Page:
Why was monkeypox declared a public health emergency of international concern?

The Director-General of WHO Dr Tedros Adhanom Ghebreyesus declared on 23 July 2022 that the multi-country outbreak of monkeypox is a public health emergency of international concern (PHEIC). Declaring a PHEIC constitutes the highest level of global public health alert under the International Health Regulations, and can enhance coordination, cooperation and global solidarity.

Since the outbreak began to expand in early May 2022, WHO has taken this extraordinary situation very seriously, rapidly issuing public health and clinical guidance, engaging with communities actively and convening hundreds of scientists and researchers to speed up research and development on monkeypox and the potential for new diagnostics, vaccines and treatments to be developed.

Are people who are mmunosuppressed at higher risk of developing severe mpox?

Evidence suggests that immunosuppressed people, including people with untreated HIV and advanced HIV disease, are at higher risk of developing severe mpox and death. Symptoms of severe mpox include larger, more widespread lesions (especially in the mouth, eyes and genitals), secondary bacterial infections of the skin or blood and lung infections. The data show the worst symptoms in people who are severely immunosuppressed (with CD4 count less than 200 cells/mm3).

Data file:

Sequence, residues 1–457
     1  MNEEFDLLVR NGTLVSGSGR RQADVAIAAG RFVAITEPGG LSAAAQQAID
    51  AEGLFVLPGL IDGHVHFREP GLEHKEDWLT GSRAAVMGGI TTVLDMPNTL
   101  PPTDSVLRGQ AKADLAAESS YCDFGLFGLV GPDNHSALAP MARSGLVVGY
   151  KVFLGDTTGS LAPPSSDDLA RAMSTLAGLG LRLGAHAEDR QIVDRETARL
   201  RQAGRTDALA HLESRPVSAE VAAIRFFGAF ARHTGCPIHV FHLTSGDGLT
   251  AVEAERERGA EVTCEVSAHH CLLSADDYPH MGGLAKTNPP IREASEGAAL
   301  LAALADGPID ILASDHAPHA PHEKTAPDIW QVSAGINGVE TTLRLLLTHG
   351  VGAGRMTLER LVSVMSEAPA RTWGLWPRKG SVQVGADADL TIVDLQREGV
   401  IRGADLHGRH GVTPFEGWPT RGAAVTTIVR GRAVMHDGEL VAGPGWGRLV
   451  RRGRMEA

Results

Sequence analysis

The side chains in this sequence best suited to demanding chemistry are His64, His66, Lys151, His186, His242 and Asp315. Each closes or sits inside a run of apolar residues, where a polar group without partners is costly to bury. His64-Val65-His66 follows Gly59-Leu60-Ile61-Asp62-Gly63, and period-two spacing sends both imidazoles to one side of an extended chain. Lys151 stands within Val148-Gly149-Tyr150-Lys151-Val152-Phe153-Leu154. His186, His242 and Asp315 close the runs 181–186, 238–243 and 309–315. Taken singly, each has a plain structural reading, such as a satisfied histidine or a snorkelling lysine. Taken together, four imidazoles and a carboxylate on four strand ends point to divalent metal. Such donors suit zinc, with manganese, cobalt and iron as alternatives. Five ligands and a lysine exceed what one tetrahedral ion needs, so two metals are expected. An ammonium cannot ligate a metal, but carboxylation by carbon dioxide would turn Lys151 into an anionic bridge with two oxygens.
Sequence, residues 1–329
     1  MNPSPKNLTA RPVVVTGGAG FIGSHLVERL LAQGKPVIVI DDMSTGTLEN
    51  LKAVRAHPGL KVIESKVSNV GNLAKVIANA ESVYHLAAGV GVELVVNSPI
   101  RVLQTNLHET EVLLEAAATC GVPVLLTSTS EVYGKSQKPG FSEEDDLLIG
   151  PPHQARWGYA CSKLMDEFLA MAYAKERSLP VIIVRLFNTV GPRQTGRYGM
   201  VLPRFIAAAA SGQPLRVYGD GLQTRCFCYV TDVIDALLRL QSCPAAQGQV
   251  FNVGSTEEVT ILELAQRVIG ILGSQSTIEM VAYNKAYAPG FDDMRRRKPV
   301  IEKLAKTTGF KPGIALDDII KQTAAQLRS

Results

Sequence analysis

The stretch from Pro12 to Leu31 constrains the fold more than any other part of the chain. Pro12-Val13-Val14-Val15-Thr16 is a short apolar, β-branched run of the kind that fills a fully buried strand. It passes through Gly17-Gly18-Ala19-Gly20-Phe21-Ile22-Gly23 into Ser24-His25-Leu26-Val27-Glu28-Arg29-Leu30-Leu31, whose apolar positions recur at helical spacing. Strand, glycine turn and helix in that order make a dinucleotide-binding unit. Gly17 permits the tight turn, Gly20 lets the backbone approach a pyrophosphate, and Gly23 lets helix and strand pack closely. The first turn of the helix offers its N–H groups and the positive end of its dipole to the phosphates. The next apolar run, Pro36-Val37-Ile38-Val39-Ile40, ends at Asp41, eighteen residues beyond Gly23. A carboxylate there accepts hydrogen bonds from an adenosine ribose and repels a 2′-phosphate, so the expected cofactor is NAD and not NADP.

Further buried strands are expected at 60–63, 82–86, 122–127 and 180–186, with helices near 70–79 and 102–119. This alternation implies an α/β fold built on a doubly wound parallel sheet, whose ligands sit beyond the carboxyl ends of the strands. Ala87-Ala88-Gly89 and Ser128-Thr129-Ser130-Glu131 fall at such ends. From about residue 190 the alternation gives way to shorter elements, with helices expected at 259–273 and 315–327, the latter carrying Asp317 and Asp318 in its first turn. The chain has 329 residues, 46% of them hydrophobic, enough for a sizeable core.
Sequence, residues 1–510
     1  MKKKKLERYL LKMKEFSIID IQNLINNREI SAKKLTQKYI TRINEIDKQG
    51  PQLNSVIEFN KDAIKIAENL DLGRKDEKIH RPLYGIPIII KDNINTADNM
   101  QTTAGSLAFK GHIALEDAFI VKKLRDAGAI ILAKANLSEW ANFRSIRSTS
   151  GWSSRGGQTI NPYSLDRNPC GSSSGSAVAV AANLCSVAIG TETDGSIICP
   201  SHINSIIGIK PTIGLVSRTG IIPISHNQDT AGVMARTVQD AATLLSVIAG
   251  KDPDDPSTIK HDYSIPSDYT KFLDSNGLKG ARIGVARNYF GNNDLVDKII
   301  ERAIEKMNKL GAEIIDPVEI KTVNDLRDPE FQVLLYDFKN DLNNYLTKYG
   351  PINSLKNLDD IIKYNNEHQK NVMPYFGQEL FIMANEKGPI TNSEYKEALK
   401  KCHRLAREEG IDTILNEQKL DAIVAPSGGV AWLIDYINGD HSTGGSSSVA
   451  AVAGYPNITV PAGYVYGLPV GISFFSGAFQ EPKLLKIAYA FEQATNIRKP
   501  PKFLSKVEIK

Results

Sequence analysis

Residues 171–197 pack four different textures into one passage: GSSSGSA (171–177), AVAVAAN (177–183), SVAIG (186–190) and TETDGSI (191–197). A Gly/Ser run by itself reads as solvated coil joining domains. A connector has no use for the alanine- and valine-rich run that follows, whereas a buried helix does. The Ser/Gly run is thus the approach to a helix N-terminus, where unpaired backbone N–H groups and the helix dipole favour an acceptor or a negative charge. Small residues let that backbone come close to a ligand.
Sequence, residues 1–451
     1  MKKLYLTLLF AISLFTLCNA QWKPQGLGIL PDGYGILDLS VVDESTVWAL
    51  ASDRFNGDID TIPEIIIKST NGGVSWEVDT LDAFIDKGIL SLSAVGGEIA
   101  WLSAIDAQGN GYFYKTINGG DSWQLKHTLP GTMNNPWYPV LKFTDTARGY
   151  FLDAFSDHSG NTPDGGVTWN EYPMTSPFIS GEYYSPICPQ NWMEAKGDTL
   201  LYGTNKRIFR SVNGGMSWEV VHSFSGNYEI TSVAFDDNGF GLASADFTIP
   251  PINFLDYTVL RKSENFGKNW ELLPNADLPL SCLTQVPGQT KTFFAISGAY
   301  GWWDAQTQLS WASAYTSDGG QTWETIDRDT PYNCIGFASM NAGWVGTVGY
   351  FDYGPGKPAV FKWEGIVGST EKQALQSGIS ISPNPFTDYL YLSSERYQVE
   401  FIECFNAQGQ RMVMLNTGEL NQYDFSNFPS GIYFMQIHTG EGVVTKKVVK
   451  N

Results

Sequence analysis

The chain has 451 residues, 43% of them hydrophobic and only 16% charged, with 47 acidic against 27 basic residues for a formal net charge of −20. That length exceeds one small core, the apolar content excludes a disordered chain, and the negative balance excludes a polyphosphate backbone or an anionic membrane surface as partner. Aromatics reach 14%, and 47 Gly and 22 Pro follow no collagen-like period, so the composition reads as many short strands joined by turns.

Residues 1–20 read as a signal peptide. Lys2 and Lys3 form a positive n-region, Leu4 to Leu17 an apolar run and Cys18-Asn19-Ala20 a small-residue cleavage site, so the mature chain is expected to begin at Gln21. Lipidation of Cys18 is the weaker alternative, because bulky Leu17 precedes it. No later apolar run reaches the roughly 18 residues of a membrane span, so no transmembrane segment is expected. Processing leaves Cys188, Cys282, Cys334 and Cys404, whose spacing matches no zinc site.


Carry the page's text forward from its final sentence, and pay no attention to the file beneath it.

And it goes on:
People living with HIV who achieve viral suppression through antiretroviral treatment are not at any higher risk of severe mpox. Effective HIV treatment reduces the risk of developing severe mpox symptoms in the case of infection. People who are sexually active and who do not know their HIV status are advised to test for HIV, if it is available to them. People living with HIV on effective treatment have the same life expectancy as their HIV negative peers.

Severe mpox cases seen in some countries highlight the urgent need to increase equitable access to mpox vaccines and therapeutics, and to HIV prevention, testing and treatment. Without this, most affected groups are being left without the tools they need to protect their sexual health and well-being.

If you have mpox symptoms or think you may have been exposed, get tested for mpox and to receive information you need to reduce your risk of developing more severe symptoms.
For more please visit: